This year’s pride parade came amid growing calls for the abolishment of a gay ban in the military after the military court in May sentenced a gay solider to six months in jail, suspended for a year, for having consensual sex with a soldier of the same sex in a private place.

“I feel that Korean society is changing to embrace differences, given that so many people came here today despite the heavy rain,” said Kang Myeong-jin, who has headed the organizing committee for the Korea Queer Culture Festival since 2010.

“I cannot say I am not mad at anti-gay protesters, but it is not their fault. They just cannot accept drastic changes,” he said, citing a need for the Korean government to play a bigger role in raising awareness and enforcing policies banning discrimination against LGBT people
Same-sex couples march while holding hands during the pride parade in Seoul on Saturday. (Ock Hyun-ju/The Korea Herald)

Participants marched 4 kilometers following nine decorated trucks, dancing to music blaring from the floats, waving rainbow flags and joyfully cheering at anti-gay protesters along the way. Many same-sex couples were seen engaging in public displays of affection.

A group of friends pose for a photo at Seoul Plaza ahead of the pride parade in central Seoul on Saturday. (Ock Hyun-ju/The Korea Herald)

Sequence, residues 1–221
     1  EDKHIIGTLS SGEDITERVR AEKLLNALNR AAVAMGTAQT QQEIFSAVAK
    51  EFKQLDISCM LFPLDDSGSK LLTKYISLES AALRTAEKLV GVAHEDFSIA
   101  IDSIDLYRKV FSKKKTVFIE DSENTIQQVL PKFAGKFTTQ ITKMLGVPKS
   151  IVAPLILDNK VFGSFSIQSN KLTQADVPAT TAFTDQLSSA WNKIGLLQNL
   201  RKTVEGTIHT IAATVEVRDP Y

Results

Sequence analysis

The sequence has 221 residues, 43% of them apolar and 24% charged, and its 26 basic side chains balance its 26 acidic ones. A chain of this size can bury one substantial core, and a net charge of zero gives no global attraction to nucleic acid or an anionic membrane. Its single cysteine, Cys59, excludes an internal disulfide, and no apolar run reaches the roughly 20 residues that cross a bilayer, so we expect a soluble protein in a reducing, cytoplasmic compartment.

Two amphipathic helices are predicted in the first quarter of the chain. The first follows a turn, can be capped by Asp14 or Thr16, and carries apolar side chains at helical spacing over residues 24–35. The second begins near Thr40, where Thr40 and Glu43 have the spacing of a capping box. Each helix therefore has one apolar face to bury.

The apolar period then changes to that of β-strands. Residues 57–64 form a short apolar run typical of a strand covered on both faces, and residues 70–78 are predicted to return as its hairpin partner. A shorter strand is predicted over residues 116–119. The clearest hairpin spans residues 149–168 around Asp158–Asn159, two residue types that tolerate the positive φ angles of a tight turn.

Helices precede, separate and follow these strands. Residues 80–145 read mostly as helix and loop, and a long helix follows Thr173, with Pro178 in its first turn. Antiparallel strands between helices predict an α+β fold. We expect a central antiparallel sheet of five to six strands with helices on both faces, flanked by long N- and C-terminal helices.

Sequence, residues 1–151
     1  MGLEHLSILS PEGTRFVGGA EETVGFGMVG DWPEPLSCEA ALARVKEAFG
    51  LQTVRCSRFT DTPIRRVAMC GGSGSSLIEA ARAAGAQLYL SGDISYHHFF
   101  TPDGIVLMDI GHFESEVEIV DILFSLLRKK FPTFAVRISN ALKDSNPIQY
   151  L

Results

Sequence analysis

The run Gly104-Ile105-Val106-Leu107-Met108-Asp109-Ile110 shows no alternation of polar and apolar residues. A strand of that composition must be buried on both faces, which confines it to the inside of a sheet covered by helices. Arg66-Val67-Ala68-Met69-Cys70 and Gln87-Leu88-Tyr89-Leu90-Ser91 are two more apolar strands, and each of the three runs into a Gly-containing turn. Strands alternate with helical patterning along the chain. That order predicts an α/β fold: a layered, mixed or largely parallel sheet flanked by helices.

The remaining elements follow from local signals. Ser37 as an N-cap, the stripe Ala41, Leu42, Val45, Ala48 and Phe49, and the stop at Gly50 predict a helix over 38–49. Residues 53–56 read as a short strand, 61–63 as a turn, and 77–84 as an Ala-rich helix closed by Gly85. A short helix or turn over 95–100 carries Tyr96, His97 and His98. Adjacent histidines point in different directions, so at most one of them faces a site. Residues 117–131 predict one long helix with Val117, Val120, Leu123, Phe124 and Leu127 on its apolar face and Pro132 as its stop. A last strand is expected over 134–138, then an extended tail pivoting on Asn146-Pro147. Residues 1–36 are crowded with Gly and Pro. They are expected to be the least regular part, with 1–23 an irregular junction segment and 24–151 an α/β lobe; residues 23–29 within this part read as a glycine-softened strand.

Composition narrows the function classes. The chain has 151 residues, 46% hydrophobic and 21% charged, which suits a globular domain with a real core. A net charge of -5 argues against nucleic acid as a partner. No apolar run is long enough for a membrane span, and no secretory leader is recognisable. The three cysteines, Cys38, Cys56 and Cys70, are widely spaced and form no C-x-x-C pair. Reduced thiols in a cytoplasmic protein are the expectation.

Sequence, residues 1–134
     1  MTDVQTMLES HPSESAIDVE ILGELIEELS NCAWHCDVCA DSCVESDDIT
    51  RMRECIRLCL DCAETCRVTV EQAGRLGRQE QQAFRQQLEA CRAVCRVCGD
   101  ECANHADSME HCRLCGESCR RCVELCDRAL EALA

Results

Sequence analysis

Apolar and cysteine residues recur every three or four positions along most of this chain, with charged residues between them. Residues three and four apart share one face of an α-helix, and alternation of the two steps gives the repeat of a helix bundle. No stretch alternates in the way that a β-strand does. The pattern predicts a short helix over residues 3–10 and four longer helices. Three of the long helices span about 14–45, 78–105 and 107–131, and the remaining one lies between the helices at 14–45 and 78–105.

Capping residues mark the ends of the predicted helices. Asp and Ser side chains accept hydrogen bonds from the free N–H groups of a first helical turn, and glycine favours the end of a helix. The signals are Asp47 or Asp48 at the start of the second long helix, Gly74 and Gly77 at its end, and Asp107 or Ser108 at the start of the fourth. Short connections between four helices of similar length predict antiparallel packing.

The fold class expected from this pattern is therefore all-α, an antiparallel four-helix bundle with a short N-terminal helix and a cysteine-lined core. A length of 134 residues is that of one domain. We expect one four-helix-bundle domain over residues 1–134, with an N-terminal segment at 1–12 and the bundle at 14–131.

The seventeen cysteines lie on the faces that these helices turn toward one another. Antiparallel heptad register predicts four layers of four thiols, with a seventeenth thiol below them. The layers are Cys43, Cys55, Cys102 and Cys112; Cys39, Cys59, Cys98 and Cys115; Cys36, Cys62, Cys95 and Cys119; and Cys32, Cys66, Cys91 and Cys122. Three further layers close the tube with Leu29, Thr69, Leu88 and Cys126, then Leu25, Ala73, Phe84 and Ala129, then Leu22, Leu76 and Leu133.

“When my daughter came out six years ago, I could not accept it and I had conflicts with her. But I learned that it is she who has to suffer most in the face of people unfavorable to the LGBT community,” said a 53-year-old man who is father to a 26-year-old lesbian.

“I hope that my daughter will be able to live in a society without discrimination based on sexual orientation or identity.” 

A group of parents of sexual minorities march through central Seoul during the pride parade, Saturday. (Ock Hyun-ju/The Korea Herald)

On the other side of the festivities, thousands of anti-LGBT campaigners, mostly right-wing and Protestant groups, staged counter protests near Seoul Plaza. They signified their opposition to homosexuality by collectively praying and singing religious hymns.